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Law and change: Scottish legal heroes
Law and change: Scottish legal heroes

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1 Making a contribution to the work of the Scottish Parliament

The Scottish Parliament has an open and transparent way of conducting its business and you learnt about its lawmaking process in Week 1. In this week you will build on that knowledge and consider how individuals are actively encouraged to take part in that process.

The design and location of the new Parliament building reflect the Parliament’s Scottish heritage and the debating chamber, which is central to the overall design, reflects the Parliament’s commitment to openness.

The use of social media and television have put the Parliament within reach of all the population. The Scottish Parliament TV channel contains clips and a video archive, hosts live proceedings and is searchable. Committee proceedings can be found there as well. Through the Parliamentary website you can sign up for regular updates or follow the updates section on the website at [Tip: hold Ctrl and click a link to open it in a new tab. (Hide tip)]

Scottish Parliament TV website
Figure 1 Scottish Parliament TV website
Figure 2 Scottish Parliament website

The modern Scottish Parliament has come a long way from its medieval roots however those roots can still be seen in the ceremony and work of the parliament. Both its history and current day practices are interwoven with those of the Monarchy. In medieval times parliament was convened only occasionally by the Monarch as a consultative form. Ideas of constitution and rule by law were however beginning to emerge, the medieval coronation oath included the words ‘ after the laws and customs of the realm’.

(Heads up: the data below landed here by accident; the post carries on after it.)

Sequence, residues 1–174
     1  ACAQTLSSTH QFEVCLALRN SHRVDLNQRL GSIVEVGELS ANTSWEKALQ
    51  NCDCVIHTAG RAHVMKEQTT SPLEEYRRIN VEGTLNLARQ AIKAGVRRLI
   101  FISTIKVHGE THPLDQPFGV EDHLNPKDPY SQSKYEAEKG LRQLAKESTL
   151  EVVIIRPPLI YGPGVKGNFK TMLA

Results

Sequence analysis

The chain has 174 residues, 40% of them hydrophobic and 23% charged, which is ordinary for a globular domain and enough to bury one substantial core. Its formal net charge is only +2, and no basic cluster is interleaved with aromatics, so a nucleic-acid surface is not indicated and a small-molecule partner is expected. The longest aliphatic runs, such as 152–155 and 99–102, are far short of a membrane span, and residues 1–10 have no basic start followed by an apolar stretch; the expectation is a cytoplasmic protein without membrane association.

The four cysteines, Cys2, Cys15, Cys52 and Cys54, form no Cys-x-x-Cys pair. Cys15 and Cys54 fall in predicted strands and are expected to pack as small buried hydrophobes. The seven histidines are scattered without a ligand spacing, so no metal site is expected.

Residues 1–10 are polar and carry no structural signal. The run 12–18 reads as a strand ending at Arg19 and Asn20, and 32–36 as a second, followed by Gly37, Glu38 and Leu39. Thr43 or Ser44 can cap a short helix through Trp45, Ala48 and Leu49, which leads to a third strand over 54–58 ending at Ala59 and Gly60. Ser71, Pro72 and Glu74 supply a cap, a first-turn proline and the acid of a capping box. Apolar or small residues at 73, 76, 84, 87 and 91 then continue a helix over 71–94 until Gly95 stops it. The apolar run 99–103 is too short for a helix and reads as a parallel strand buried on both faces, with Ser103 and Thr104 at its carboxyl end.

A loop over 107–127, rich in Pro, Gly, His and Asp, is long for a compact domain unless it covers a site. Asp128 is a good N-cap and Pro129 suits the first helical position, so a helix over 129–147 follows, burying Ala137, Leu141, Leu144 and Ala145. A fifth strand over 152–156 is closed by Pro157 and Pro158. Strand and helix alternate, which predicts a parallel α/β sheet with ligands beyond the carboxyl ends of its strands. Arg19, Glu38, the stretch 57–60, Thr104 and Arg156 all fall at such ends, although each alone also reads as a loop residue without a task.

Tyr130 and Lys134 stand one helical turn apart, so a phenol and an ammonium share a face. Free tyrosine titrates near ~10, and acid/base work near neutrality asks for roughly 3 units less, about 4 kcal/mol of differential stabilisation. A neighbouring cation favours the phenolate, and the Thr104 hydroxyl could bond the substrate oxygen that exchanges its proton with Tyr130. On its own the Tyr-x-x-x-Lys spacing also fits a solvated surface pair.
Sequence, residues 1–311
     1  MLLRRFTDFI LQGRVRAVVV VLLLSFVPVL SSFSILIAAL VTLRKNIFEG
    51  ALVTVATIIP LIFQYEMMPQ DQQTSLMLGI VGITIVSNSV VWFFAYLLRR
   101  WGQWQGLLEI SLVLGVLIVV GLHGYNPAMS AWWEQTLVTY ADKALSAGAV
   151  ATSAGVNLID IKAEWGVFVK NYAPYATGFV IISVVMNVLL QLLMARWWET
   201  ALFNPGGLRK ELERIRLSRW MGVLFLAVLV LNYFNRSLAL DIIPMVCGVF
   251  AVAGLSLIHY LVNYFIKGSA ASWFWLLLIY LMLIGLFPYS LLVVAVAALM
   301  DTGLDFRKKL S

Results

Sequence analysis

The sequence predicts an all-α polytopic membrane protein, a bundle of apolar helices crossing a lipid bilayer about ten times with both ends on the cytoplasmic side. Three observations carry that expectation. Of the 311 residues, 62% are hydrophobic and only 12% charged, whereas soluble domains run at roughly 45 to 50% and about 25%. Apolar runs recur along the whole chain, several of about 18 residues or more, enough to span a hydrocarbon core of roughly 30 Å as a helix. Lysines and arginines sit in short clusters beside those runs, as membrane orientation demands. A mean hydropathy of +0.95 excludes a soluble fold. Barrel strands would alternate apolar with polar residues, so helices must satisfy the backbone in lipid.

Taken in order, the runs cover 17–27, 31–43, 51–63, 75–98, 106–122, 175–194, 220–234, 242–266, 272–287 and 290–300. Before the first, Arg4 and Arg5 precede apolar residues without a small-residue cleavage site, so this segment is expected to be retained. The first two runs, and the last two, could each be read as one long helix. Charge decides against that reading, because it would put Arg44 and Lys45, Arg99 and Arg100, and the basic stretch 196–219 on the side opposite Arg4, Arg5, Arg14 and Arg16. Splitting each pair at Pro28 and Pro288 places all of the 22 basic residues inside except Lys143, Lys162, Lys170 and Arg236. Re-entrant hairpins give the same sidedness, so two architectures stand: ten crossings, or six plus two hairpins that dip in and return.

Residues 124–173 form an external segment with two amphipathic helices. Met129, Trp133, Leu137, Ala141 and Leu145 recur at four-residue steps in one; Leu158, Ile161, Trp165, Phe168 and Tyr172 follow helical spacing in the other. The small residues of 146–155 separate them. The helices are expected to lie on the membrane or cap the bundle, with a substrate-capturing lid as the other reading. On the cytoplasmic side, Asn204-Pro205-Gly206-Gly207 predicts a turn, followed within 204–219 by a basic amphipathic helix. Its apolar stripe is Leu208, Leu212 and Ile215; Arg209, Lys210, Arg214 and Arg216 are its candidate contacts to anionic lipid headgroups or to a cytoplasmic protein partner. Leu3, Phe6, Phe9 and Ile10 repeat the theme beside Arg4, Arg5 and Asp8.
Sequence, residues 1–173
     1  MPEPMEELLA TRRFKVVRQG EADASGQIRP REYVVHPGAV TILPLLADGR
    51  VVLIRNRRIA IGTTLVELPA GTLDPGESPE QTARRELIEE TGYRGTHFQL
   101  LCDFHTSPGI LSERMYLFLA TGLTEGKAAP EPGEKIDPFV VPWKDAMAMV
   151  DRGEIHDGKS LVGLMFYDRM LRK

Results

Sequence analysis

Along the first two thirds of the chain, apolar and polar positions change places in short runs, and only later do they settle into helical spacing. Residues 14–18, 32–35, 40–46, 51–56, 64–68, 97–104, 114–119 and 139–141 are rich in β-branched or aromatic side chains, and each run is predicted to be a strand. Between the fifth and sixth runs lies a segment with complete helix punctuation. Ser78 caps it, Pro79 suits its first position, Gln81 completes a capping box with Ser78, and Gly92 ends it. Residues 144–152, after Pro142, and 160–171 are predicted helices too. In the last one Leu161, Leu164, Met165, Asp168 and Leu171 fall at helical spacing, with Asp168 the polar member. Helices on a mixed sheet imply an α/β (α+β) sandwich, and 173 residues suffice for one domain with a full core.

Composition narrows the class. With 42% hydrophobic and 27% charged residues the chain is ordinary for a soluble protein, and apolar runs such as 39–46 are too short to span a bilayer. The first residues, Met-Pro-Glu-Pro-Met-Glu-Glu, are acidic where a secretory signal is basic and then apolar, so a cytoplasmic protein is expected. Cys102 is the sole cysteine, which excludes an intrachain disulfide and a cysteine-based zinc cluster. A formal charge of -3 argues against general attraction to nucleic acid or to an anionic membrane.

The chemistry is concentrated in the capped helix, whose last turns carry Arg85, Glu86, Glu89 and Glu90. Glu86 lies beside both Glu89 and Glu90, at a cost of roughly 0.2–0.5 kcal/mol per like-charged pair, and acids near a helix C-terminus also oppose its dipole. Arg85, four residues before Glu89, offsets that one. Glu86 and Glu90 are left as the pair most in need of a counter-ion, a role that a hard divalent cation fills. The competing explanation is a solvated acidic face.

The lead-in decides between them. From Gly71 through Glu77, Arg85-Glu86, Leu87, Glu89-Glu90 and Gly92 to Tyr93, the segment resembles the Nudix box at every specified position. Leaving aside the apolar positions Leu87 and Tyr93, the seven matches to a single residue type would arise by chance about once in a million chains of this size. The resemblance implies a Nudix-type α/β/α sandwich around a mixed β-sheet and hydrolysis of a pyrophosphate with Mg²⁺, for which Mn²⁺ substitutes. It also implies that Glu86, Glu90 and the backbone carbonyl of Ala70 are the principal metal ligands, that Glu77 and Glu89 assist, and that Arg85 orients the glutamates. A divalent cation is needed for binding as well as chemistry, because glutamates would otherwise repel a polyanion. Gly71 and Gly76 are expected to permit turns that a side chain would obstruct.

In the 1320 Declaration of Arbroath the Three Estates of the Realm (Lords, Bishops and Burgh merchants) asserted that monarchy was conditional upon the Monarch performing their duties, ideas built upon during the reign of James VI, through the dissolution of the Scottish Parliament by Oliver Cromwell and its re-establishment under Charles II. The Act of Union saw the sceptre from the Scottish Honours being used to signify assent and the dissolution of the Scottish Parliament. In 1999 a new parliament emerged.

The monarch still plays a role, albeit a ceremonial one. The monarch is present at the opening of parliament and the Scottish crown is brought from Edinburgh castle. This modern day practice links to the medieval belief that without the presence of the Monarch, parliament cannot legitimately meet. The mace presented by Queen Elizabeth II at the opening of the Scottish Parliament on 1 July 1999 is engraved with the words ‘wisdom’, ‘justice’ ‘compassion’ and ‘integrity’. These words are designed to represent the aspirations of MSPs.